Radio Disney

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Radio Disney
Type Radio network
Country United States
Availability National, through broadcast stations, satellite radio, and iHeartRadio
Slogan Your Music, Your Way
Headquarters Burbank, California, United States
Parent Disney Channels Worldwide
(Disney–ABC Television Group)
(Disney Media Networks)
(The Walt Disney Company)
Launch date
November 18, 1996; 19 years ago (1996-11-18)
Affiliates See list
Official website
radio.disney.com

Radio Disney, also known as Radio Disney Networks[1] (corporate name Radio Disney, Inc.),[2] is an American radio network that is owned by Disney Channels Worldwide, Inc., a subsidiary of Disney–ABC Television Group, a primary component of The Walt Disney Company's Disney Media Networks segment. Radio Disney Networks broadcasts three separated digital channels, Radio Disney, Radio Disney Country and Radio Disney Junior, via radio station's HD channel or by online stream sites. The original Radio Disney network play music and other content aimed at preteens and young teenagers; it can be described as a youth-targeted contemporary hit radio format with heavy emphasis on teen idols. Recently Radio Disney has become a Mainstream Top 40 Indicator reporter on Nielsen-BDS eventually being upgraded to monitored status with Nielsen-BDS. Radio Disney is also a monitored reporter on the Mediabase 24/7 Top 40 panel.[citation needed] The network is headquartered in Burbank, California.

Radio Disney is formatted like a traditional radio station, featuring prize giveaways (in which listeners can enter via telephone, the internet and since 2008, text messaging) and occasional in-studio interviews called "Takeovers," which usually occur during the weekday late-afternoon timeslot.

For many years Radio Disney affiliated with stations in markets of varying size, mainly large and mid-sized markets; however, since the early 2010s, it has started to withdraw from areas located outside of the 25 largest radio markets, owing to those listeners tuning in via either their website or mobile phone/tablet applications, along with the low adoption rate of HD Radio, which many Radio Disney stations have on their AM signals to match FM audio quality. On August 13, 2014, Disney announced that it would sell its remaining Radio Disney stations, with the exception of KDIS in Los Angeles. Disney announced that it would begin to syndicate Radio Disney through affiliations with HD Radio subchannels.[3]

Background[edit]

Disney had for a long time be involved in the music business building off its success in movies and TV shows, which later became Disney Music Group. However with radio, Disney was not committed to the medium only doing a few shows. Radio Disney is Disney's third foray into radio. In late 1955, Walt Disney started The Magic Kingdom radio show—running Monday through Fridays and which was heard on ABC Radio.[4] Even before the 1996 Disney-CC/ABC merger, Disney and ABC Radio considered as early as 1992 planned for a children's radio network but dropped the idea.[5] Starting on July 31, 1994, Disney started a weekend radio show, Live From Walt Disney World, that originated from both Disney World and Disneyland on Radio AAHS.[5][6]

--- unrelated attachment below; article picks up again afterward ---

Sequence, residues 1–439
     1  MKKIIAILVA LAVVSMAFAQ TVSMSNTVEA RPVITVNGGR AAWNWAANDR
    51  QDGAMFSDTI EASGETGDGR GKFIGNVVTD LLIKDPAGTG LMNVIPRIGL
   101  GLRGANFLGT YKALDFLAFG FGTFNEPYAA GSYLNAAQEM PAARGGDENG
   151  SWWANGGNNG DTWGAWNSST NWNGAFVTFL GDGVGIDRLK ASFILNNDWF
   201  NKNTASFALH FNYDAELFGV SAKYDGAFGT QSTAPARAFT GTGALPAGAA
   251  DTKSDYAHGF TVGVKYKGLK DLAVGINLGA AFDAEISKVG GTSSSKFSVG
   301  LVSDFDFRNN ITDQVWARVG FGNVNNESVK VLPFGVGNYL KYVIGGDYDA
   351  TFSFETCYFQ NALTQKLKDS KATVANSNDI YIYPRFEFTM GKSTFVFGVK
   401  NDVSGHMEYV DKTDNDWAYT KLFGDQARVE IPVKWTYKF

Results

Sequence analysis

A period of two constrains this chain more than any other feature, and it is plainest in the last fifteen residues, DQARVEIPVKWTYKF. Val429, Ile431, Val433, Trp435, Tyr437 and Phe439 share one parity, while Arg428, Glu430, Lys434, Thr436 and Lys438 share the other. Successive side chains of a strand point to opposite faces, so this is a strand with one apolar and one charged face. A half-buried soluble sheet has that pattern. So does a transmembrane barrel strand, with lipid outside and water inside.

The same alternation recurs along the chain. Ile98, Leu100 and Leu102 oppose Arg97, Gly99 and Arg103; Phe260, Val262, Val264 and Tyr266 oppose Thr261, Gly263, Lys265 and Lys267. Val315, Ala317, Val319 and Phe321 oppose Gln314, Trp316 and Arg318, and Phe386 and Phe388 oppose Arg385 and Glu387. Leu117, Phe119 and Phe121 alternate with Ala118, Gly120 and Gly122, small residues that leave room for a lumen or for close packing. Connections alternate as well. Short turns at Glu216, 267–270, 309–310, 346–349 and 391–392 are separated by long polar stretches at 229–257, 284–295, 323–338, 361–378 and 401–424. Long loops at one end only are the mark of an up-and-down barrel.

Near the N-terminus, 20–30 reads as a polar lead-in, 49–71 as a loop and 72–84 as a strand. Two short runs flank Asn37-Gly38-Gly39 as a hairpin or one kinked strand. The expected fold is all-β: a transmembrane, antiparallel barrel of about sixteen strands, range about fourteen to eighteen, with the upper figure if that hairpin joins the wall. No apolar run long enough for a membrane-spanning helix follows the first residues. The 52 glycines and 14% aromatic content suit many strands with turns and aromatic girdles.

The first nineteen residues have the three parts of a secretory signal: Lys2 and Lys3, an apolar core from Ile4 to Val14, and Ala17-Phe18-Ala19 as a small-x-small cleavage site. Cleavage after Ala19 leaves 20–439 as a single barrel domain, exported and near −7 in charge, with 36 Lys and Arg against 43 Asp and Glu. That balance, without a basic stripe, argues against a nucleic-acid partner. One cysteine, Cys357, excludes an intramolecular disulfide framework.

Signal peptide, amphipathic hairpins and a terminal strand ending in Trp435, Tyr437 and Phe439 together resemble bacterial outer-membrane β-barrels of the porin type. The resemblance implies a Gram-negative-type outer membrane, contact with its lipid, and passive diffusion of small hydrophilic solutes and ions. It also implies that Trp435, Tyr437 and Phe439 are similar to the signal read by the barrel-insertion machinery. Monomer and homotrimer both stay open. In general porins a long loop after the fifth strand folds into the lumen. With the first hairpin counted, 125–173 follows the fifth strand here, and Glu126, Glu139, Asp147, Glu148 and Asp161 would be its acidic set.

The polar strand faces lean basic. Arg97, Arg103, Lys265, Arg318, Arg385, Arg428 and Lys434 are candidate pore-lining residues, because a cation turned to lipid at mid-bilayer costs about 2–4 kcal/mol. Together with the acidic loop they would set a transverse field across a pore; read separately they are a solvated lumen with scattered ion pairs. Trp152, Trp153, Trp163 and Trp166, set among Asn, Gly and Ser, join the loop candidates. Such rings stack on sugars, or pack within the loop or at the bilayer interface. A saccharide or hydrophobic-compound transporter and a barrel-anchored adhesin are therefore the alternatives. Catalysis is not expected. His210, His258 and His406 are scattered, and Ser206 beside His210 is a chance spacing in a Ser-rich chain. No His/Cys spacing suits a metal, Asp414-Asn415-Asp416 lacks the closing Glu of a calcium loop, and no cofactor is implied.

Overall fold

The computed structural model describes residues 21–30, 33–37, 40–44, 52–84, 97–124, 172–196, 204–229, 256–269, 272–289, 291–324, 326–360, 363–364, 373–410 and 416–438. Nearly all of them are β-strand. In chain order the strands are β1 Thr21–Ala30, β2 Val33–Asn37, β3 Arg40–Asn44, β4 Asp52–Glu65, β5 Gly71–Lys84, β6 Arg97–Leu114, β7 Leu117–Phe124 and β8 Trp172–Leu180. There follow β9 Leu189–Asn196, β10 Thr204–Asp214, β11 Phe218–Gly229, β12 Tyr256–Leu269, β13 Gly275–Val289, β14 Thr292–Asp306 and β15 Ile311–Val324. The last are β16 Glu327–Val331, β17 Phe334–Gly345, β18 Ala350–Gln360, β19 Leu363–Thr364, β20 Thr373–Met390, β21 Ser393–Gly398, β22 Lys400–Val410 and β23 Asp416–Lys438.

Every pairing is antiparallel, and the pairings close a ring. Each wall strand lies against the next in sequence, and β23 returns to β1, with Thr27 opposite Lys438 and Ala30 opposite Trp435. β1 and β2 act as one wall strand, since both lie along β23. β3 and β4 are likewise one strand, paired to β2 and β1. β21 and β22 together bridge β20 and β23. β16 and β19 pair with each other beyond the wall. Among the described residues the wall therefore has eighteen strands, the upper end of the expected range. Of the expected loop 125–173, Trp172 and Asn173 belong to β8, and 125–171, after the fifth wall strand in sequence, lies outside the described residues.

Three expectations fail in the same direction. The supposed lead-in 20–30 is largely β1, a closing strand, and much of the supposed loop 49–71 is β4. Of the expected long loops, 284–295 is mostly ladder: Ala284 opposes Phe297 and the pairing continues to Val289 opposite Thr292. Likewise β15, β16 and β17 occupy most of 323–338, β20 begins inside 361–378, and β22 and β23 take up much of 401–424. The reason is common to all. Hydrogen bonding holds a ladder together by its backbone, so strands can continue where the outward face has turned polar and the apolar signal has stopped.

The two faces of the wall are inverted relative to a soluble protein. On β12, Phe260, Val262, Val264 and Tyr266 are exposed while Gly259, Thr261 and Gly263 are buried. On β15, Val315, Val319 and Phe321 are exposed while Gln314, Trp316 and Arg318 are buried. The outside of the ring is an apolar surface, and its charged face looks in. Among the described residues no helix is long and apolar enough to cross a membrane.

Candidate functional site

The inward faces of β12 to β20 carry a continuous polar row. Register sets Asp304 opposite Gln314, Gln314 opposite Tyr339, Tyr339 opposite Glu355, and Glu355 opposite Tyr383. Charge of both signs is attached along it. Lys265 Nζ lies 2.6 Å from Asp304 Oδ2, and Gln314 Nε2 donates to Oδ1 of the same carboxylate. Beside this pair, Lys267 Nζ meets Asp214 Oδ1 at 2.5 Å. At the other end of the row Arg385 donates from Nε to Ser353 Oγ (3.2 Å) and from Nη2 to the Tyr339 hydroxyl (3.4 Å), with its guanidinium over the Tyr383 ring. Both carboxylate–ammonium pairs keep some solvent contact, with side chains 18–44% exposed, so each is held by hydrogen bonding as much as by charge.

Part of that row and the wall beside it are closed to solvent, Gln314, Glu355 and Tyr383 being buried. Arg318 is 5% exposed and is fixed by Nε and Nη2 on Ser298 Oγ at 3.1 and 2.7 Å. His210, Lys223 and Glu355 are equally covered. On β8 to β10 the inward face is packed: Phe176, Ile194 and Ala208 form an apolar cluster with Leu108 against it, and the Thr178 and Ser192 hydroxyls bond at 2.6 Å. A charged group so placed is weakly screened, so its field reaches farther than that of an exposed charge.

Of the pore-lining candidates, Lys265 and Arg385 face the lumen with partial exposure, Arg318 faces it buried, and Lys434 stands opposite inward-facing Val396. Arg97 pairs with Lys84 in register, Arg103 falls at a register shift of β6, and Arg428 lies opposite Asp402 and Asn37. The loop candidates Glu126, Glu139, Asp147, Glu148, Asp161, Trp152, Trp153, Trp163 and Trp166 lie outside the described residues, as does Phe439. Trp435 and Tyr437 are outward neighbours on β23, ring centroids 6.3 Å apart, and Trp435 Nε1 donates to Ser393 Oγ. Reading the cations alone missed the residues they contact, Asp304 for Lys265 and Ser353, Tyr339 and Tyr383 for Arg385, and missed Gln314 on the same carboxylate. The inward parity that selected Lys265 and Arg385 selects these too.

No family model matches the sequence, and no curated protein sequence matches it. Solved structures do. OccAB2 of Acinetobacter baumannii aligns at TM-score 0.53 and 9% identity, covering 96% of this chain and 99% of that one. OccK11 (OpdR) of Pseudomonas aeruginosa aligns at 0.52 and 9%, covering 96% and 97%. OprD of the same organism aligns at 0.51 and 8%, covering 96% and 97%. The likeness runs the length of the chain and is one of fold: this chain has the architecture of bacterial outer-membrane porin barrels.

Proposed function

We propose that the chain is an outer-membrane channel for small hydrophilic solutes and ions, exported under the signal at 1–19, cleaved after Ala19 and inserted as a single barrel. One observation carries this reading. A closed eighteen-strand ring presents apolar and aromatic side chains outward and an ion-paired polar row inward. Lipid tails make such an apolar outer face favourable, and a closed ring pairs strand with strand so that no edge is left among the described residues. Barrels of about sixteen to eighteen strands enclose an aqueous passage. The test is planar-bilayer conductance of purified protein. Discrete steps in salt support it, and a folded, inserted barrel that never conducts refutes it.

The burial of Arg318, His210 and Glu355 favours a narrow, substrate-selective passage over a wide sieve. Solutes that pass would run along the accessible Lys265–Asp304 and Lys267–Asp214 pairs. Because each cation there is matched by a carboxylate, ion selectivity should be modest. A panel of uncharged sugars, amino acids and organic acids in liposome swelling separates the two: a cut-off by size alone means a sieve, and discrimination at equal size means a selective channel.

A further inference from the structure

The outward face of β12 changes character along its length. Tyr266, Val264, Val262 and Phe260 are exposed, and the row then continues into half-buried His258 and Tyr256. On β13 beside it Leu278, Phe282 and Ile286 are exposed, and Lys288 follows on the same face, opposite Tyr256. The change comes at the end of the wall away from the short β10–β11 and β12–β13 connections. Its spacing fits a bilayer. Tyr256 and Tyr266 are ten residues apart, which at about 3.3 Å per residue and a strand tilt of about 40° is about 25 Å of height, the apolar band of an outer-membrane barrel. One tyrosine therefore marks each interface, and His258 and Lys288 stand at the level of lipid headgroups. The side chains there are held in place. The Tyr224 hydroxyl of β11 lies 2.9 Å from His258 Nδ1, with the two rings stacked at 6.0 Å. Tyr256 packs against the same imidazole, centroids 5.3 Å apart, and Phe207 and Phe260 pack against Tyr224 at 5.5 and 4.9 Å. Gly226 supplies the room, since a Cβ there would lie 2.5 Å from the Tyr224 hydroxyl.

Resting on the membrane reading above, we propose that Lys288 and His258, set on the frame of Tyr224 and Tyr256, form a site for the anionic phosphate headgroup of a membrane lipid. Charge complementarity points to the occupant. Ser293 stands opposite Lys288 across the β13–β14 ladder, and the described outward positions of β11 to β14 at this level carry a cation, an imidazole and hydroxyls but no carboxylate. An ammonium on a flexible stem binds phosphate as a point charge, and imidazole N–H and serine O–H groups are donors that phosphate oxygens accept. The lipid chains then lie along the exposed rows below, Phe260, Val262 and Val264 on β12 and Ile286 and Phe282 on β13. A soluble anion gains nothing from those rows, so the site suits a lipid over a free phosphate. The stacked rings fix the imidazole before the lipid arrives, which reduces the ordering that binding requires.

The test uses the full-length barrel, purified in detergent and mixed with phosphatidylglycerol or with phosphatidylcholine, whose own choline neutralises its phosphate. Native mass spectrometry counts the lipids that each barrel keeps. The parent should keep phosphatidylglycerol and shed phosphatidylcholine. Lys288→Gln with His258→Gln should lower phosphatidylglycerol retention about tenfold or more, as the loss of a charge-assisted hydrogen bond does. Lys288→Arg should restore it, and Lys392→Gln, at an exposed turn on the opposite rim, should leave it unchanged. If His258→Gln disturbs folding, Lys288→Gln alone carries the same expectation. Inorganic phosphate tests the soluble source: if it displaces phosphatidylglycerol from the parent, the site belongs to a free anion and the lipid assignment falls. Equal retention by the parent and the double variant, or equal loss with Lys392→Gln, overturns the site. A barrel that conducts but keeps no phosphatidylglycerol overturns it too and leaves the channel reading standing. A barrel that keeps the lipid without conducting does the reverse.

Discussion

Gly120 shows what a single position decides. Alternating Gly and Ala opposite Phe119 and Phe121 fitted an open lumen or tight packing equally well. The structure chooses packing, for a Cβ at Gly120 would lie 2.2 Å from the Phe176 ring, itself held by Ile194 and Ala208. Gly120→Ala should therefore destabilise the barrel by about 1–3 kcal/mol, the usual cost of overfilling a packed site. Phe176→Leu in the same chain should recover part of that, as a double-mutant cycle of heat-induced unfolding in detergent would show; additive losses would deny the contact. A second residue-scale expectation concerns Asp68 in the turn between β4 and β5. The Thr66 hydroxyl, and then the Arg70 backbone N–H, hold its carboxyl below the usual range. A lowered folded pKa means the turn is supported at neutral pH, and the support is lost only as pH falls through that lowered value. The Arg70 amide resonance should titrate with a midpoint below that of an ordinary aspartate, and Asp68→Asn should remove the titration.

In November 1995, ABC Radio Networks and Children's Broadcast Corp. reached an agreement for ABC Radio to provide marketing and sales to Radio AAHS. After Disney's acquisition of CC/ABC, Disney had ABC Radio cancel the agreement in August 1996 plus announced the start of its own children's network and ended AAHS's Disney World broadcasting rights.[7]

History[edit]

ABC Radio Networks[edit]

Radio Disney was test launched in November 1996 in four markets, Minneapolis, Atlanta, Salt Lake City and Birmingham, Ala., by ABC Radio Networks. On August 26, 1997, Radio Disney was launched in Los Angeles on KTZN-AM (710).[8]

A nation wide roll out occurred in 1998 with 28 stations affiliating by August 1998 with an expected 63 stations by the end of 1999. Radio Disney purchased KAAM (AM) (Plano, Texas) for $12 million and switched the station to the network in July.[9] In 1998, the network was based out of its Dallas station.[10]

Radio Disney Family Pledge

Because my family matters, I promise to spend at least one hour each week with my family participating in fun things that draw us together and celebrate what makes us unique.

— Radio World[11]

Other than music, the network in 1998 had "Mickey & Minnie's Tune Time," a 2-hour weekday toddler program and two 60-second features per hour which included contests, "ABC News for Kids", "Gross Me Out," a "gross" facts.[9] The network ran its Radio Disney Project Family Initiative from July 1 to September 15, 2003 with family-themed programming and events to get family to sign on to the Radio Disney Family Pledge.[11]

Former Radio Disney logo, used from 2001-2007.

Radio Disney began being carried by SiriusXM in 2002.[3] Disney entered a joint venture to launch Capital Disney digital radio channel in Britain and operated from 2002 until June 29, 2007.[12] In 2004, Disney paid the former Children's Broadcasting Corporation (which operated fellow children's radio network Radio Aahs) $12.4 million in a lawsuit settlement.[13]

2006 marked the network's 10th anniversary; Radio Disney rebroadcast its first hour of programming from November 18, 1996 on June 6, 2006 at around 4:58 p.m. ET on stations in select markets such as WQEW.[citation needed] Also, as part of the 10th anniversary, Radio Disney held the "Totally 10 Birthday Concert" on July 22, 2006 at the Arrowhead Pond in Anaheim, California.[14] It also included a simultaneous live webcast on the Radio Disney website. A second concert was held in Dallas, Texas on November 18, 2006 at the Dallas Convention Center.[15]